Is Uber-Inspired Surge Pricing Making its Way to Supermarkets?

Is Uber-Inspired Surge Pricing Making its Way to Supermarkets?

Keeping up with prices has always been a tricky thing. Apart from tracking competitor prices, there is the issue of keeping up with consumer demand while providing an enjoyable customer experience.

As the supermarket business begins to expand, there have been plans to introduce “surge pricing” to the market — a pricing strategy where customers pay more or less for an item depending on how the demand rises and falls. What could the pricing strategy entail for consumers and businesses, though?

Price Fluctuations: Not a New Business Concept

Some goods are already subject to demand and price volatility. A majority of customers are already familiar with the dispiriting feeling when their prospective holiday flight changes prices as soon as they book the ticket. Moreover, ride-sharing app Uber is notorious for surge pricing, which received criticism following the London Bridge terror attack.

In the supermarket, fresh goods such as fish already have price fluctuations, and bread prices also go down at the end of each day. The idea of constantly fluctuating prices, however, is a different story.

Surge Pricing Allows for Flexible Pricing Based on Consumer Demand

Supermarkets operate in a competitive space where price is one of the focal points. Experts claim, therefore, that an electronic price-changing system can allow businesses to stay market-driven and competitive in spite of shifting consumer demands. The idea of price changes at the click of a button could present numerous opportunities. They could, for instance, offer customers special offers and target particular groups by raising prices of certain products.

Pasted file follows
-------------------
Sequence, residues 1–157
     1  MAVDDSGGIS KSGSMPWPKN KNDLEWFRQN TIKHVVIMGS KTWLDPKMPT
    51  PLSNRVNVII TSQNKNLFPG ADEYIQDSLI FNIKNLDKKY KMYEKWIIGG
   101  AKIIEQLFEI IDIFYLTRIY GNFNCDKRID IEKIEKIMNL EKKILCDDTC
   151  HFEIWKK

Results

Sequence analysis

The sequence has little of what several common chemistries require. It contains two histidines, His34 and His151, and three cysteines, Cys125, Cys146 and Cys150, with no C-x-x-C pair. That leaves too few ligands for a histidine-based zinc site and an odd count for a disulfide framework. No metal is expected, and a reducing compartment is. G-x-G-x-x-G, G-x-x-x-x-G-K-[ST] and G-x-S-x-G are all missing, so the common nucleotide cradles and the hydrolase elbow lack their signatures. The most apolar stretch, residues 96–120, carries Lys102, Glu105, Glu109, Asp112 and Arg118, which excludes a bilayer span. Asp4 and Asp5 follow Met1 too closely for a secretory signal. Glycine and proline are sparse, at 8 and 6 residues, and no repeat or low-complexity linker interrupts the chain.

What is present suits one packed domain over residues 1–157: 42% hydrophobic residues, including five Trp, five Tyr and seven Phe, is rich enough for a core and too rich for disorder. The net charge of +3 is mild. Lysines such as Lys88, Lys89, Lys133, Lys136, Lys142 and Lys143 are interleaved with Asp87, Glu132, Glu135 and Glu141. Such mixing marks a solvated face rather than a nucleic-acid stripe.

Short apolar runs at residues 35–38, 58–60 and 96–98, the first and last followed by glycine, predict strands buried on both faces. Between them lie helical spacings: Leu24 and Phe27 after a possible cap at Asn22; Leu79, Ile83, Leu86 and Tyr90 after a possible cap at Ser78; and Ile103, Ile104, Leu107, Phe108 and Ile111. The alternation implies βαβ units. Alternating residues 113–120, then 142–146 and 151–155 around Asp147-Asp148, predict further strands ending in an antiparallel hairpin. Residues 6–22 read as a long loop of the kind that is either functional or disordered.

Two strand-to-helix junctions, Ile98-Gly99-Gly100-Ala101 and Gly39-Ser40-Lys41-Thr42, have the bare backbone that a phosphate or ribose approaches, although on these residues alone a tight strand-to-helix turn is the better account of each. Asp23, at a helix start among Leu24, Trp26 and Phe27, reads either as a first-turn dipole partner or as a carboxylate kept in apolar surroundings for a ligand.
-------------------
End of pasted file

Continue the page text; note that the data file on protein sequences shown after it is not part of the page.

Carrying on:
Creating Pricing Strategies for a better Shopping Experience

Consumers might balk at the idea of rapidly shifting prices, however. But the pricing strategy does not result in consumers ending up on the losing end. Coca-Cola, for instance, uses Google’s cloud platform to send discount coupons to customer smartphones in Albertson’s grocery stores. Together with consumer data, the pricing strategy could pave the way towards a more convenient and personalized shopping experience.

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Dynamic, in-store pricing might be the future of the supermarket. The trick to getting the strategy right is getting the right content, price, and messaging at the right time to stay on top of the price competition.